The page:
A Picture is worth a Thousand Dollars

I’m walking through Walmart in a surreal twilight-zone state of mind. Less than 24 hours earlier, I had learned that I was about to become the full time caregiver to not one baby but two babies. Daniel, just two years old and his one year old baby brother, Elijah. That morning I was on the phone with the boys’ social worker who arranged for a home visit at 11am. A home visit is when a social worker comes to your house and looks in every room, every closet, the pantry, mud room, laundry room, every bedroom and bathroom, the garage and the yard. Yeah, at the end of the visit there are no secrets, she has seen everything. Am I a clean freak by nature? AAAh no. Did I care that morning? Maybe a little (a lot).
Before the home visit, I dashed off to the local grocery store to buy what I hoped would be baby friendly food such as animal shaped cookies and pasta, fishy crackers, eggs, peanut butter, chicken and fish (I’m vegetarian so figured I should buy some meat products for the children), fruit cups and frozen veggies, sippy cups, toothbrushes and bubble-gum flavoured toothpaste. Then I raced home for the visit.
The social worker, after inspecting our messy house gave us the stamp of approval, after all children are coming to live with us not the Queen. Before she left our home she had me prepare my Walmart shopping list. Baby gates, electrical plugs, fire extinguisher, interior door looks, two cases of diapers, one for each child, case of baby wipes, t-shirts, shorts, pants, socks, shoes, sweaters, baby blankets, crib sheets (oh my god I need to find two cribs and two high chairs), and two car seats.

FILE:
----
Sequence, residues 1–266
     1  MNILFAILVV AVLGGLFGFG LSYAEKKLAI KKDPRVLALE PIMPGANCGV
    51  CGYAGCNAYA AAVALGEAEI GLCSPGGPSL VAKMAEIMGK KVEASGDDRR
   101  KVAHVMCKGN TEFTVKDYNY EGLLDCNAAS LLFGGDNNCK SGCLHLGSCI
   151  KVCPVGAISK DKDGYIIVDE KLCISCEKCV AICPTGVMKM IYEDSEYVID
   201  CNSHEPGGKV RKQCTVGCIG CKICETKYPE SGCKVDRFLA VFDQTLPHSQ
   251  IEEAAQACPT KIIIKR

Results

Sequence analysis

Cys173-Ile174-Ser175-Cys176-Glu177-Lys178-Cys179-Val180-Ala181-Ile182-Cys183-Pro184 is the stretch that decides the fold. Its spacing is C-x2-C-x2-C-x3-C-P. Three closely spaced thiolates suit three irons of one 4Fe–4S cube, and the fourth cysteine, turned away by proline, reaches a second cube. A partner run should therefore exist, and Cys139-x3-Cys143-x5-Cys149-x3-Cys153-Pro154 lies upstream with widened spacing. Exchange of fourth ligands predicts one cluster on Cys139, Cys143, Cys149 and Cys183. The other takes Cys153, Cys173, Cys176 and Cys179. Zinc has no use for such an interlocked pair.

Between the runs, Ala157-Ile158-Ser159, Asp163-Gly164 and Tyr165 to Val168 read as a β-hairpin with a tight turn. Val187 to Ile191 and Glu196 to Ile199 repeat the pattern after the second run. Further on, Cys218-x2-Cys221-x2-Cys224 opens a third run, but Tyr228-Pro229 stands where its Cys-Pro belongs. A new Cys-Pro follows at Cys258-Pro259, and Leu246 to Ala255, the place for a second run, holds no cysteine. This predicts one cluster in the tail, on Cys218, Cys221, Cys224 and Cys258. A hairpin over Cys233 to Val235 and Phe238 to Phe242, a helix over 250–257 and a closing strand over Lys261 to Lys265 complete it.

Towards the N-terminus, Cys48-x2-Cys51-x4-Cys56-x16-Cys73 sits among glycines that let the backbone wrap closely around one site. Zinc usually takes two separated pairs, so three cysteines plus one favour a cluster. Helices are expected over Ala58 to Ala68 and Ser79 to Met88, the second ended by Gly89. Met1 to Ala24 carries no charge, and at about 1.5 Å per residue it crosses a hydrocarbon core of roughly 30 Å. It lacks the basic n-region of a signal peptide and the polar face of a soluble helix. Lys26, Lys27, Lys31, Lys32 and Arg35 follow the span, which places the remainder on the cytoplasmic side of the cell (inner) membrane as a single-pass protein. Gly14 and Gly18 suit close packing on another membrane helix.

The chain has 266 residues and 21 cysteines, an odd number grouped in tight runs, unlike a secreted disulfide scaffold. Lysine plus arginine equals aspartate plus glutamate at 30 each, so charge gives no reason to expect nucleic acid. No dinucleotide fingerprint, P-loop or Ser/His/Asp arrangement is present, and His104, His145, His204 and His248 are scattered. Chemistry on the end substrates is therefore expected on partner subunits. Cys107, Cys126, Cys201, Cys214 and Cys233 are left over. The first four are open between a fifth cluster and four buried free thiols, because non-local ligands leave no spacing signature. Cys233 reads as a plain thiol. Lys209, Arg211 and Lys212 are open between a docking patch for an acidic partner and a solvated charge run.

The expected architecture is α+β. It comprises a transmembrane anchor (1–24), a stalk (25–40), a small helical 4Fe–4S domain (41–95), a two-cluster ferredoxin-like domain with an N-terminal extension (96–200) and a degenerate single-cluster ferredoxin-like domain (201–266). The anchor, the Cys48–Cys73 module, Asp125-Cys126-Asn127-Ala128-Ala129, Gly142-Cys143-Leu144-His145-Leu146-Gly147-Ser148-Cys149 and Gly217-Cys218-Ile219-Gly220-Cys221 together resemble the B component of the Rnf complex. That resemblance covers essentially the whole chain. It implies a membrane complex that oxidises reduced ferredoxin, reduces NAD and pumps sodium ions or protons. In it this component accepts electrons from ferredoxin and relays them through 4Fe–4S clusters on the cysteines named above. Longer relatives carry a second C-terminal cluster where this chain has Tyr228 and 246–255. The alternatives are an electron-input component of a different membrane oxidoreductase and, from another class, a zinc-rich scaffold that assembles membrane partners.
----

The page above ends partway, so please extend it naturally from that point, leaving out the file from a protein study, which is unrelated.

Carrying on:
I was told to buy all the items on the list and then drive to the MCFD office by 3:30pm to pick up the children.
By the time I arrived at Walmart I had an hour and a half to do the shopping. I cruised around the baby section and started grabbing the items like some dazed Price Is Right contestant. As the item began to pile up in the buggy I found it more and more difficult to see over the huge pile of stuff and people started to look at me with shock and humour. “Are you having twins?” was the main comment. “Hahaha, something like that.” Was my hysterical answer.
Pulling the buggy behind me, since I could no longer see over, I headed to the check out. The young checkout girl started to ring up the items and wisely called for a packer to help me out to my car.
“That will $808.65.”
I pulled out my interact card and said, “I hope I have enough money.”
The check out girl looked very sad and said ”I hope so too.” YES! Approved! Both of us sighed with relief.
I now had $23.00 left to my name and was about to drive downtown and pick up two babies. Deep breath in, put my car in drive and off I drove to The Ministry of Children’s and Families.
God help me.

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